PM mulls personal car ban

PM mulls personal car ban

City Hall shuts over 400 schools for a day

The sun sets in Bangkok sky shrouded by thick smog on Tuesday evening. (Photo by Nathaphol Lovakit)
The sun sets in Bangkok sky shrouded by thick smog on Tuesday evening. (Photo by Nathaphol Lovakit)

The government is considering whether to impose a ban on personal car use in affected areas to cope with high levels of hazardous ultra-fine PM2.5 dust particles in the air, if levels exceed 100 microgrammes per cubic metre (µg/m³), twice the safety level.

The harsh proposal was on Tuesday unveiled by Prime Minister Prayut Chan-o-cha after a mobile cabinet meeting in Narathiwat.

The prime minister said only public transport services will be allowed to use the roads during a ban.

"Is that what we want? Do we really have to go that far?" asked Gen Prayut.

However, the draconian measure would only be employed on a case-by-case basis to avoid an unnecessarily negative impact, he said.

He said the government is ready to step in with such measures when PM2.5 levels exceed the national so-called safe limit.

"If the dust levels rise to more than 100 µg/m³, the government will take over all the work and everyone will be affected," said Gen Prayut.

He was responding to questions about both calls for tougher measures to deal with sources of particulate matter 2.5 micrometres or less in diameter (PM2.5) and accusations that it hasn't done enough to deal with the problem.

The PM also offered an explanation as to who is doing what in the current fight to contain the problem.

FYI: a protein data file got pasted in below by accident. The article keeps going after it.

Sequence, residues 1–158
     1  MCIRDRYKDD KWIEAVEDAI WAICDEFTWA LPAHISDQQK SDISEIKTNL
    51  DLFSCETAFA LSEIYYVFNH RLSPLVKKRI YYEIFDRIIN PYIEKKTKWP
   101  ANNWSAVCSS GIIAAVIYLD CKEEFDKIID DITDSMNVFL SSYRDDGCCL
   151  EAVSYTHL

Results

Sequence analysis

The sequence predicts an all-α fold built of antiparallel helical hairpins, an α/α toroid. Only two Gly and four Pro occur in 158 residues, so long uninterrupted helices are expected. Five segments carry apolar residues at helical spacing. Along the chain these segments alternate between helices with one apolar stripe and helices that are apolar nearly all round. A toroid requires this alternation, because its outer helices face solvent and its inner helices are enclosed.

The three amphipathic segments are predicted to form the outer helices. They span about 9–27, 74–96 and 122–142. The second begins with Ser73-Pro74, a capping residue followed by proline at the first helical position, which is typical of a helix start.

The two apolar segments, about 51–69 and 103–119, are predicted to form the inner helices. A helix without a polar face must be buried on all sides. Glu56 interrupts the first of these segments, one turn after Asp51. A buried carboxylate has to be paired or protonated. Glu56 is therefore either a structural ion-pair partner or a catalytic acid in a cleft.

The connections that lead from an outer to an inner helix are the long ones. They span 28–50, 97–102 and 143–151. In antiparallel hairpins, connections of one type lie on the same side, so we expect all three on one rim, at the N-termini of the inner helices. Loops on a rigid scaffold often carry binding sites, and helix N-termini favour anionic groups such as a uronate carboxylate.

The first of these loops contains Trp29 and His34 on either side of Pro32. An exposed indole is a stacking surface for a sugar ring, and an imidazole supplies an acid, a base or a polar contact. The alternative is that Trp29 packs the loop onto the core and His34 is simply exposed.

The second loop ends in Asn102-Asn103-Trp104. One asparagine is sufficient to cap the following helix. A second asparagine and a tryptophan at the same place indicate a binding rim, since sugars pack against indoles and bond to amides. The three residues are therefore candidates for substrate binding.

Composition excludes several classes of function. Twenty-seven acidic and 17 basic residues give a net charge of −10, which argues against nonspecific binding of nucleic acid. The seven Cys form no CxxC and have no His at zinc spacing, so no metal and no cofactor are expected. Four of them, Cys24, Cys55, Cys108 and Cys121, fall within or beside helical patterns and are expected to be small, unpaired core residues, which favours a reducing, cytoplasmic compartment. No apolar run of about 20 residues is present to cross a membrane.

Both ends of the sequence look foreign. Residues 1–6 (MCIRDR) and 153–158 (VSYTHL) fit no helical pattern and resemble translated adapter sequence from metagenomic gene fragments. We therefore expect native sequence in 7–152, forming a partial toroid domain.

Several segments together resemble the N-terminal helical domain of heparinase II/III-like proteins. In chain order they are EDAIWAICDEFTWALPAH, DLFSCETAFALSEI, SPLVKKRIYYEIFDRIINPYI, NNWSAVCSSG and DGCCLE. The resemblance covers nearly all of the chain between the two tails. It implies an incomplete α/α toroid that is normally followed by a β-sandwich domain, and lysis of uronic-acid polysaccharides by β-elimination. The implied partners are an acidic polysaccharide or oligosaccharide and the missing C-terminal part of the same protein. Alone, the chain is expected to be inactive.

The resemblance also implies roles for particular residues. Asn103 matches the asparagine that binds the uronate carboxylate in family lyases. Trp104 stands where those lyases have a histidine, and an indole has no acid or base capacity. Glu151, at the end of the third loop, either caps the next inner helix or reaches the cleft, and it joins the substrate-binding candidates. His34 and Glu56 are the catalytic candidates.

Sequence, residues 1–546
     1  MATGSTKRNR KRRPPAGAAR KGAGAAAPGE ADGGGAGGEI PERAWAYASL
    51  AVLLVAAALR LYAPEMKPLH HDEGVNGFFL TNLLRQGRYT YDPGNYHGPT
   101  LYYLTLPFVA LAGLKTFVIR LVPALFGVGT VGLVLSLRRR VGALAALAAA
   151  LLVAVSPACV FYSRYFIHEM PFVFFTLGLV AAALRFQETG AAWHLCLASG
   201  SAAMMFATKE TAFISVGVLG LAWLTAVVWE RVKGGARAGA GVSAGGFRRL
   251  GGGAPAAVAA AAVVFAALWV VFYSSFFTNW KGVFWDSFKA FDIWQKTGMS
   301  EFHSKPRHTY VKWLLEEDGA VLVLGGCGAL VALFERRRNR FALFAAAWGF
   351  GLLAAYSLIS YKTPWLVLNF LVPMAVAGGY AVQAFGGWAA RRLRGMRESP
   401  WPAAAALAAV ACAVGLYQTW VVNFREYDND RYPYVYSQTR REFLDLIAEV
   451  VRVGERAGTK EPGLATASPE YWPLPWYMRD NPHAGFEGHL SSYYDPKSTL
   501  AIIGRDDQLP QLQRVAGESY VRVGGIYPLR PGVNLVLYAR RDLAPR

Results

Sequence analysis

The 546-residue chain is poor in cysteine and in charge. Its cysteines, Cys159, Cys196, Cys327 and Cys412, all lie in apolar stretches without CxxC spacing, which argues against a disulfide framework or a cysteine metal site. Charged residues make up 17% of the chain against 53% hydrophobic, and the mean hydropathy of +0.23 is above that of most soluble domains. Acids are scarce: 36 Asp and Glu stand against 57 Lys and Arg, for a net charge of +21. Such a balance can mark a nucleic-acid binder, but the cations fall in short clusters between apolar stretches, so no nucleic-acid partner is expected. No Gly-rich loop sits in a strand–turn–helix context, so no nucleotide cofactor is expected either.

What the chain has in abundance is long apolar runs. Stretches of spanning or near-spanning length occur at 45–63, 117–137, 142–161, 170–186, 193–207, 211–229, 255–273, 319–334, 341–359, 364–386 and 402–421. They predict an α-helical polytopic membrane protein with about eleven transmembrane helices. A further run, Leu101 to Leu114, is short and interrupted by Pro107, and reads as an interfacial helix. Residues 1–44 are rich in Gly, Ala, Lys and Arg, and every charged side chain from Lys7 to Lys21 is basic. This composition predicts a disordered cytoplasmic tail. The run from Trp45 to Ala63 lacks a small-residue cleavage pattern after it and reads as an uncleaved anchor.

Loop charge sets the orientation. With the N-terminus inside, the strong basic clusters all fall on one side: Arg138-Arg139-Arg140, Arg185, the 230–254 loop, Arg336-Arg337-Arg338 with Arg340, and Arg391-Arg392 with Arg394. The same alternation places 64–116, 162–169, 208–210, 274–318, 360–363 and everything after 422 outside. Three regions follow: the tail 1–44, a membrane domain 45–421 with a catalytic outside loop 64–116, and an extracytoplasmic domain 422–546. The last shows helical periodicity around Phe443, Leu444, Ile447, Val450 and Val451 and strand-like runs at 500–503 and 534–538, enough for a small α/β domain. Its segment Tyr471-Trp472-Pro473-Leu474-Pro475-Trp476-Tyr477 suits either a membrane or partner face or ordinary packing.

As PM2.5 levels tend to be around 50 µg/m³, considered the highest allowable level in Thailand, all concerned agencies begin stepping up screening for sources of the dust including vehicles emitting black smoke, he said.

In areas where the PM2.5 levels rise to between 50 and 75 µg/m³, the provincial governor is responsible for targeting the key sources of the pollution, said the PM.

Traffic emissions are the primary source of PM2.5, followed by biomass burning and industrial emissions, said Gen Prayut.

In areas where the PM2.5 levels rise to between 75 and 100 µg/m³ the provincial governor will have to implement more stringent measures such as prohibiting heavy trucks from entering certain inner areas of the province on at certain times, he said.

And in the event the PM2.5 levels exceed 100 µg/m³, the government will then take control and may implement even more stringent regulations, which may affect everyone, according to the PM.

He said, the government has begun working on a long-term masterplan to combat pollution which includes the development of the electric rail network and replacing diesel-powered public buses with electric ones.

Natural Resources and Environment Minister Varawut Silpa-archa, meanwhile, hinted that if measures against lorries emitting black smoke prove to be insufficient, personal cars could be targeted next.

"It has been found that 72% of the PM2.5 dust particles come from traffic emissions," he said.

Among the short-term measures to be implemented next in Bangkok is a ban on heavy trucks from entering certain parts of the city every other day, possibly in February only, he said.

In another development, Bangkok governor Aswin Kwanmuang on Tuesday signed an order to shut 437 schools in Bangkok today due to a forecast of higher dust levels.

As of 6pm on Tuesday, PM2.5 ranged from 71 to 86 µg/m³ in several areas of Bangkok, while the highest level nationally was 99 µg/m³ in tambon Na Phralan in Chaloem Phrakiat district of Saraburi, according to the Pollution Control Department.


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